A few Sundays ago my husband and I found our usual seats in church, greeted the familiar faces around us and stood for the beautiful praise and worship music that was just starting. I warmed my hands on my sleeved disposable cup that held hot herbal tea and I sang between sips. Beautiful music, comfy seats and a hot beverage for the bitterly cold morning. Ahhhhh. Cozy. Easy like Sunday morning.
As we sang the last song and got ready for the sermon, a man came to sit in the row in front of us. But before he could sit, he had to peel off layer upon layer of winter clothing. He removed his gloves, discarded his knitted hat, unwrapped his long scarf, and took off several layers of coats, jackets and fleeces. After he’d pared down all his extra layers, we finally recognized him as our friend, Ryan.
As it turns out, Ryan was joining the church service late because several years ago he committed to be on the church’s parking team. He committed to stand outside, regardless of the weather, and help church-goers navigate the potential chaos of parking at a multi-acre church campus with several thousand other cars. As I continued to sip my hot tea, I was in awe of Ryan’s commitment. I gotta be honest, I would have likely called in a sub that particular morning. I’m sure Ryan didn’t feel like being out in the bitter cold, either, yet there he was, honoring his commitment to his fellow church-goers, his church, and ultimately God.
Since I’m prone to wonder, I imagined Ryan probably committed to be on the parking team on a day that was calm and beautiful. Maybe it was spring and there were birds chirping. The sun was shining, and only big fluffy white clouds in the sky. There was probably even a gentle, refreshing breeze. But with his sunny day pledge, he was also committing to days that would include heavy rain, freezing temperatures, hold-your-ground winds, and since it’s Texas, scorching heat (even on easy Sunday mornings).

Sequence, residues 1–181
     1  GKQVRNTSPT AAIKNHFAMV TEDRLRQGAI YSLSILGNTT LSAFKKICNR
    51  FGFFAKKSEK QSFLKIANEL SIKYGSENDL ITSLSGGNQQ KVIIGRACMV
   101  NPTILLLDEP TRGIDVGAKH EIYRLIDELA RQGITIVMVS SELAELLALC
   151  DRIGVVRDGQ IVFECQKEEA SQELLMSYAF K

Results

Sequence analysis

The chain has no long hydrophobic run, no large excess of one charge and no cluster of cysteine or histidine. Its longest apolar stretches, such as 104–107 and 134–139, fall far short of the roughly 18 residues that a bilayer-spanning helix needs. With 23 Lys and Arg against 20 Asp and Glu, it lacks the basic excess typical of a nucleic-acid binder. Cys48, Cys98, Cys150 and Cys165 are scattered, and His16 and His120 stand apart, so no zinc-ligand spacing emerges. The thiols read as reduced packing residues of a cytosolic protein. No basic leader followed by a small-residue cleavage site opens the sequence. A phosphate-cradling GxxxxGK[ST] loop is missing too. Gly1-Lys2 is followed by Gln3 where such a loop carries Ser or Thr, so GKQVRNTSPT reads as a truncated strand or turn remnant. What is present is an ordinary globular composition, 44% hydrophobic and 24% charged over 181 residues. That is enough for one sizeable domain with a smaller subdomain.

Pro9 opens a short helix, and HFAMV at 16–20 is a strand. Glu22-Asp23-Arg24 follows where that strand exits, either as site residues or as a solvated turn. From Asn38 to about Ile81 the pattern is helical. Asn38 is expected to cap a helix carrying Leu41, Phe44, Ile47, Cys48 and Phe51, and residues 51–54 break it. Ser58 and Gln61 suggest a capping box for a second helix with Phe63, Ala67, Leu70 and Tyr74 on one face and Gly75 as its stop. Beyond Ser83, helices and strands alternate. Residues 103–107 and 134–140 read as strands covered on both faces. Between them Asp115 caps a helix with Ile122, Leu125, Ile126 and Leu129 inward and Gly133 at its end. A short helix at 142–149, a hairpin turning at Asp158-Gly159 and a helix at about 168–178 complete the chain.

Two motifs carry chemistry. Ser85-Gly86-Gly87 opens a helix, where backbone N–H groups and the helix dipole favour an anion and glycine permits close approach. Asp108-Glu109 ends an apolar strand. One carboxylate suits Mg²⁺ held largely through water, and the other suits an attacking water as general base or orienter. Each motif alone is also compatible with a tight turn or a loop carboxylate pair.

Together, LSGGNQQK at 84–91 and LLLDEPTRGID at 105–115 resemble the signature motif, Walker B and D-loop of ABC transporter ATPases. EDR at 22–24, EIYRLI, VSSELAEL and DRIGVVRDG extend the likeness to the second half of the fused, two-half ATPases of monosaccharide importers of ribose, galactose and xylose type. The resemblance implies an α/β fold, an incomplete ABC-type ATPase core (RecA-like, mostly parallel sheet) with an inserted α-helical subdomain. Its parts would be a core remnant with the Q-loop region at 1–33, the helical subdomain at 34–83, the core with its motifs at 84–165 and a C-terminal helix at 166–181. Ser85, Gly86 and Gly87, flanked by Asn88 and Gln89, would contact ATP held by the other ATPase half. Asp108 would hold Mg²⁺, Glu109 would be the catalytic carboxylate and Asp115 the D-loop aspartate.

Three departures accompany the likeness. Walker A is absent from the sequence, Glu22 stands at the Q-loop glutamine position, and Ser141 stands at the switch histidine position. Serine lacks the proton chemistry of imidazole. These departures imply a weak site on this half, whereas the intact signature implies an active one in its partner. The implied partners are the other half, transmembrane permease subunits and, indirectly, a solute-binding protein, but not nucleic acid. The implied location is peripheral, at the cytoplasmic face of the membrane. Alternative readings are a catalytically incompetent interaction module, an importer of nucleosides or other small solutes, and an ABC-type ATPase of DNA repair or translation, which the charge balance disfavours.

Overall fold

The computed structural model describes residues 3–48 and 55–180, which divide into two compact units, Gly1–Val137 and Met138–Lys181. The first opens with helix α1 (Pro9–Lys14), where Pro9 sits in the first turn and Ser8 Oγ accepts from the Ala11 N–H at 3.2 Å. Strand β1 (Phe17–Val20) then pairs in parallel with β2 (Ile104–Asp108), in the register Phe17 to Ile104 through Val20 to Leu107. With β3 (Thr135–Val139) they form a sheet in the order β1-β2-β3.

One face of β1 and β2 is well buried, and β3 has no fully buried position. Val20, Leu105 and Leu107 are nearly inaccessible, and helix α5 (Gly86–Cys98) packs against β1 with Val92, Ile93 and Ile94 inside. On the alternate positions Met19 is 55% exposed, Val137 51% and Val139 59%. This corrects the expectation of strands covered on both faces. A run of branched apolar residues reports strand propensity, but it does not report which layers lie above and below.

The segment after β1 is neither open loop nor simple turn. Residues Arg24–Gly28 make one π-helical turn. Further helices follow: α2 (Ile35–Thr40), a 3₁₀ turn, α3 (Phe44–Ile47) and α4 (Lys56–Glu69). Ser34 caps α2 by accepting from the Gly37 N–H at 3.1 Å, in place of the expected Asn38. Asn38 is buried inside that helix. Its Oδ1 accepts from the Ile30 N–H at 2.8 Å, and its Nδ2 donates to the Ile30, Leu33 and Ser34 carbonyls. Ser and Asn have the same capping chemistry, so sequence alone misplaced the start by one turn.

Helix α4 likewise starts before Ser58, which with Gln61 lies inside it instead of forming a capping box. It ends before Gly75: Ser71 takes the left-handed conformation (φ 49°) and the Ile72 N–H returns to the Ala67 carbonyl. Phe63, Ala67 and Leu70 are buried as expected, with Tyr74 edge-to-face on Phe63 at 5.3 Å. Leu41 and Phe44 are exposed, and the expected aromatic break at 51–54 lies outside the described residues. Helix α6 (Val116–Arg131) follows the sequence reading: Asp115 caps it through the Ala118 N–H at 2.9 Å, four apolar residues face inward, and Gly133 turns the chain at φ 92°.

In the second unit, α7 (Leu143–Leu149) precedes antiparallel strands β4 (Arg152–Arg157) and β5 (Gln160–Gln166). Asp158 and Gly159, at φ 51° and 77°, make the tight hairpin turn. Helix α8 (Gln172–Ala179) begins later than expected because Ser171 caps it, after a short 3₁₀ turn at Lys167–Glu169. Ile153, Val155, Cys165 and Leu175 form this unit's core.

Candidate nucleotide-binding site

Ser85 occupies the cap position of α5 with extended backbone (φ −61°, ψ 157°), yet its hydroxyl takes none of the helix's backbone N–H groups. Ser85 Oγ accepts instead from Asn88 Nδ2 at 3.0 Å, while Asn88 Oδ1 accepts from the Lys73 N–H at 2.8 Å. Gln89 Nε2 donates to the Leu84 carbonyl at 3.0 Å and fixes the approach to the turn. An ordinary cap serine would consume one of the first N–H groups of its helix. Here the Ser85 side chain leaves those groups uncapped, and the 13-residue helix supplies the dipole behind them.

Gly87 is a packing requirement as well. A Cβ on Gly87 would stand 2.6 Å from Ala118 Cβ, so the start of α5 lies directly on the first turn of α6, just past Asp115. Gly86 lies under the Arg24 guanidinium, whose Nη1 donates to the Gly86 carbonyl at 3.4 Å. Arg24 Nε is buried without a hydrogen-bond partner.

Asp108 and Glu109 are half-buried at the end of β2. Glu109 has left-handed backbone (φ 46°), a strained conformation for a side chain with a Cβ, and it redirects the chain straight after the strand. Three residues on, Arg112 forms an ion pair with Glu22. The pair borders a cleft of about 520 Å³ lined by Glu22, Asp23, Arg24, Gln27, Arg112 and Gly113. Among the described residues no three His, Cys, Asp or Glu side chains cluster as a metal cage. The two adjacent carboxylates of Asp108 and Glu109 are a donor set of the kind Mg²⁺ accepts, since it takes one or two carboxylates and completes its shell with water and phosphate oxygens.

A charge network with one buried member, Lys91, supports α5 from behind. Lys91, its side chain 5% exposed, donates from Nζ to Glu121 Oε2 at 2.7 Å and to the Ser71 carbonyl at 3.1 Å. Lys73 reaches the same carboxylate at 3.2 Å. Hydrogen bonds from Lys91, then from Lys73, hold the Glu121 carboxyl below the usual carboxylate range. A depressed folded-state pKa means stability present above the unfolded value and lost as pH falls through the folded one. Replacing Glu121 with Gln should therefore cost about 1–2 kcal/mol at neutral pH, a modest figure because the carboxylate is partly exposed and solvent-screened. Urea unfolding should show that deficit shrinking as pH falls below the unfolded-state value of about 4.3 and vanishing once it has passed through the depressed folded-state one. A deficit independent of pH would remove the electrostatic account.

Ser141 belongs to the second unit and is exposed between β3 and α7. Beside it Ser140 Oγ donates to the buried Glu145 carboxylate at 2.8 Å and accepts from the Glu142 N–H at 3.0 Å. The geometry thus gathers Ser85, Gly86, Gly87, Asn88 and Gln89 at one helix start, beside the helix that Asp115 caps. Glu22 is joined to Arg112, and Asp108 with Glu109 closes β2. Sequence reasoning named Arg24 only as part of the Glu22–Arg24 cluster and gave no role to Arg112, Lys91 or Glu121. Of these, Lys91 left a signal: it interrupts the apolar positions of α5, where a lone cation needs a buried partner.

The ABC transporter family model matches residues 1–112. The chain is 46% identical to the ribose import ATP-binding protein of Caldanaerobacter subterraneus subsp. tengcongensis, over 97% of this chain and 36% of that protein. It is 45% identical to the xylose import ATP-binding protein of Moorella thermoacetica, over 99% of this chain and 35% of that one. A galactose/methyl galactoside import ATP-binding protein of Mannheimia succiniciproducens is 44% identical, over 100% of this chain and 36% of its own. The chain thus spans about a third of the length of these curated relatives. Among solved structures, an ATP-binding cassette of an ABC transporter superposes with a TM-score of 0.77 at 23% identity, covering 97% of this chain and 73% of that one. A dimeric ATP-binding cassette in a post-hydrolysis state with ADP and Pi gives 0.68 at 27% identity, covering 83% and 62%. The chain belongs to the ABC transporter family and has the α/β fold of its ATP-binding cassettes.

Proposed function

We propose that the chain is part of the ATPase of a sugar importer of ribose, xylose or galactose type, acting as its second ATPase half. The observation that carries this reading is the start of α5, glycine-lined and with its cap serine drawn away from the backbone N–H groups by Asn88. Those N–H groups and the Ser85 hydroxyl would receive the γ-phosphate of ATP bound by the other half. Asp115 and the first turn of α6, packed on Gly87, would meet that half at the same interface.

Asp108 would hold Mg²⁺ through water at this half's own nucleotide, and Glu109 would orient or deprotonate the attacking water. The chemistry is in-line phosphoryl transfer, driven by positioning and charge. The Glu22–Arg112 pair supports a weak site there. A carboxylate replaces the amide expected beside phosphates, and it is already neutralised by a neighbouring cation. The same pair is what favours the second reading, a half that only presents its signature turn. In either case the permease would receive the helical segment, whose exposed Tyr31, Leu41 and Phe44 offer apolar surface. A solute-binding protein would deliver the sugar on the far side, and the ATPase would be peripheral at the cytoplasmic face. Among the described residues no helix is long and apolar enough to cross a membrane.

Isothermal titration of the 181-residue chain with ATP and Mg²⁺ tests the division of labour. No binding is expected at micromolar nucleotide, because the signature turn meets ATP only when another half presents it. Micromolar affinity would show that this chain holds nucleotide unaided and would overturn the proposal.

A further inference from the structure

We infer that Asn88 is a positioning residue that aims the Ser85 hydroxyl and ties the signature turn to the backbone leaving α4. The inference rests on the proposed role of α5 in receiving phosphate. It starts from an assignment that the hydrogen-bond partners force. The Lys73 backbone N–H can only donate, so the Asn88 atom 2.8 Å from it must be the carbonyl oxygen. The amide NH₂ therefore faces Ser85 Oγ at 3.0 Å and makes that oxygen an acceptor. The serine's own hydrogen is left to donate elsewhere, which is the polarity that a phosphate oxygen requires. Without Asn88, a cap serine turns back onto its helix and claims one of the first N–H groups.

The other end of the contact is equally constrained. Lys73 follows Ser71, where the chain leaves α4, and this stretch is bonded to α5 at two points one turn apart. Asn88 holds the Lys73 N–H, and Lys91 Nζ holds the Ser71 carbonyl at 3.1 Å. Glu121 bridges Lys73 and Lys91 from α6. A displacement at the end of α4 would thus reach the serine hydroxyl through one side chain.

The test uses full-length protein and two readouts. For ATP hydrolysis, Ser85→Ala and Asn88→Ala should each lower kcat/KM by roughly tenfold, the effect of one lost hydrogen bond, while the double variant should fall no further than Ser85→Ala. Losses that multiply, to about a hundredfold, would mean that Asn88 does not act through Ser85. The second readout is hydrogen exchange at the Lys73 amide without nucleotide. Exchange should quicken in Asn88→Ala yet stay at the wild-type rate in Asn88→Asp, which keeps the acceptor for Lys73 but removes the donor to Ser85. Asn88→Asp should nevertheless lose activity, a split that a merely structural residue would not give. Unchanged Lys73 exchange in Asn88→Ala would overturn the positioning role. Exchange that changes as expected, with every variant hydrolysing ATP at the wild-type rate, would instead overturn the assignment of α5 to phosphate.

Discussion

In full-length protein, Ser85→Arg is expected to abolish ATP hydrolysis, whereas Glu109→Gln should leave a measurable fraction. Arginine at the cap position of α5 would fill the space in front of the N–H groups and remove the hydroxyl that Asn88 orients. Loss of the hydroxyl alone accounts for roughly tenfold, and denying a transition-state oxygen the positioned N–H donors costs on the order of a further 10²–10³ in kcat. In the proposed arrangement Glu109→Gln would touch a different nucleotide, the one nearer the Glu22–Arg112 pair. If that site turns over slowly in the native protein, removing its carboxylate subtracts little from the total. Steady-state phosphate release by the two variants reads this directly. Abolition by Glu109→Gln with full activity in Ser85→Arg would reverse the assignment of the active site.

That is what commitment is – it’s making a promise of future action even when things get rough. And if it requires a commitment, you can bank on things getting rough. That’s the reason a commitment is even needed because at some point, you are going to want to go back on what you said you’d do (me, too). Whether it’s your marriage, paying a credit card bill, finishing the year as room mom, taking your kid to soccer practice, or following the Lord you said you’d never forsake (see also Peter, see also me) – sooner or later you are not going to feel like following through with your commitment.
Our feelings tell us to stay comfortable, avoid the struggle and pain. A commitment often requires us to move out of our comfort zone, struggle more than we think is necessary, and endure more pain than we thought possible. You can see why feelings often win the day over commitments.
Unfortunately, our culture has embraced the feelings-trump-commitment mentality. It’s evident in our divorce rate, the number of people who opt to live together instead of committing to marriage, our debt (both nationally and individually), the number of fatherless families, and just about anywhere else you look in our society. We’ve (I’ve) got to be diligent to honor commitments, not just honoring our feelings in our “all-the-feels” culture.